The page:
The thirty of us were sitting in a private dining room at Friday’s Riverside, emptying flutes of Moet et Chandon and licking our plates clean of medium-rare Wagyu steak jus. Floor-to-ceiling glass doors led out to a tiled balcony and mini-bar that overlooked the Brisbane river. It was an early afternoon at the end of semester, a very large tab was poised ready to open at 5:00pm, and we had reached the awards part of the party.
Before there was Team Edward and Team Jacob, it was Angel vs. Spike. A vital discourse that continues to this day, my answer has always been the leather jacketed, British, smoker and smoking hot Spike. He has better cheekbones, a more dynamic character and a proper crypt. However, there is an incredibly problematic element to rooting for Spike. He is an attempted rapist. Continue reading
And seriously, that’s okay. This isn’t a trap. Male sexuality is a complex, personal and individual thing; why do we keep—implicitly, explicitly and profoundly counterproductively—pretending otherwise? Turn on the telly, or the pages of Cosmo, and it’s constantly reinforced that girls are complicated, intricate labyrinths, and boys are a well-lit corridor, always geared to go. (In this metaphor feel free to consider the minotaur a benevolent creature of multiple orgasms.)
Not that I wanna speak for bros on this matter. Instead, let’s just recognise that people who aren’t jerks are far more interested in whether everyone is having fun than if your private is standing to attention. Yes, the two often go hand in hand. But sometimes, just because you’re a dude and you’ve got an enthusiastically consenting adult playtime buddy doesn’t mean you’re DTF and can everyone just be chill about that please.
Kate Zahnleiter was raised by a single working mother and a television. She writes that “not a day goes by in which I’m unable to relate something which occurs in real life back to an episode of something I watched as a child, teenager or young adult.” In Life and My Box, Kate will be sharing the lessons she has learned from TV. First up, Dawson’s Creek (*~I DON’T WANNA WAIT~*):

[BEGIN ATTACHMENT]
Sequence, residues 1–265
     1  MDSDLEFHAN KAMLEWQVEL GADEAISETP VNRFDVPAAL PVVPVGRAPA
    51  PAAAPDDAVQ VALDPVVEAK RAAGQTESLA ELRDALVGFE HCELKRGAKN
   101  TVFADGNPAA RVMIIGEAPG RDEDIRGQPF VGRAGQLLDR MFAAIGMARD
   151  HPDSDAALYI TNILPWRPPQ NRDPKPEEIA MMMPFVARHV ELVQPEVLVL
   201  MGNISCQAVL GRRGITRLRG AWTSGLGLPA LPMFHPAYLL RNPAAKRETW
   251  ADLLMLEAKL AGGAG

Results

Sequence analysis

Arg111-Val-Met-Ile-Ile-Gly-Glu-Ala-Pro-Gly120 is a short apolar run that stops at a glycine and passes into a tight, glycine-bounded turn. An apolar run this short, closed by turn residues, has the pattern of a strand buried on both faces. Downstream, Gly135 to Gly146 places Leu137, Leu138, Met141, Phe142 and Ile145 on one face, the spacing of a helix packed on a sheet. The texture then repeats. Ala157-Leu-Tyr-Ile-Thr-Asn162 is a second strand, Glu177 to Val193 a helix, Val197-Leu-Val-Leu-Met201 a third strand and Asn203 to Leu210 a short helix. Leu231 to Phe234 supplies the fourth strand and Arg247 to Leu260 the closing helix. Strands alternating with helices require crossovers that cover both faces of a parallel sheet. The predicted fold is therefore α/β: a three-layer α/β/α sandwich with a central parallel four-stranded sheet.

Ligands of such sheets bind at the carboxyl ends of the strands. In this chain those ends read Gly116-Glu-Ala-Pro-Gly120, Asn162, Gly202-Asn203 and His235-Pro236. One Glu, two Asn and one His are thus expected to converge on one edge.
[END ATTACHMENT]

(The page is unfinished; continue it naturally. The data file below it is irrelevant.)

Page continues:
Earlier this year I introduced myself to my classmates in a university tutorial by telling them I wanted to be a farmer.
Looking back, people probably thought I was trying to be quaint, quirky, or charming. Those kinds of getting-to-know-you speeches at uni can be really competitive by your final year. It’s not enough to just say “um hi, I’m so-and-so… I’m doing Arts and Education… I’ve got a dog,” and then giggle self-consciously like we all did in first year. You’ve really got to bring it these days. Justify why you’re still at university in your mid-twenties. Compose a funny and insightful verbal self-portrait in twenty-five words or less.
My relationship began as most do: with butterflies, feeling on top of the world whenever his hand brushed mine, melting whenever I smelled his cologne, adoring every word he said, and smiling whenever someone said his name. There were so many firsts all at once, it was like a love-bomb: first date, first kiss, first time we said the L word, the first time he stayed at my house, first time I met his family, and the first time we farted in front of each other (my favourite first).
Four years later, we’re engaged and living together, and things have naturally changed. We have all but run out of firsts. The butterflies are present but not nearly as frequent; whenever someone says his name, I’m like ‘yeah, ok’; and the conversation isn’t exactly adorable. Often I find him giving me a detailed description of the shit he just took, or telling me why tomato sauce should be a food group. Continue reading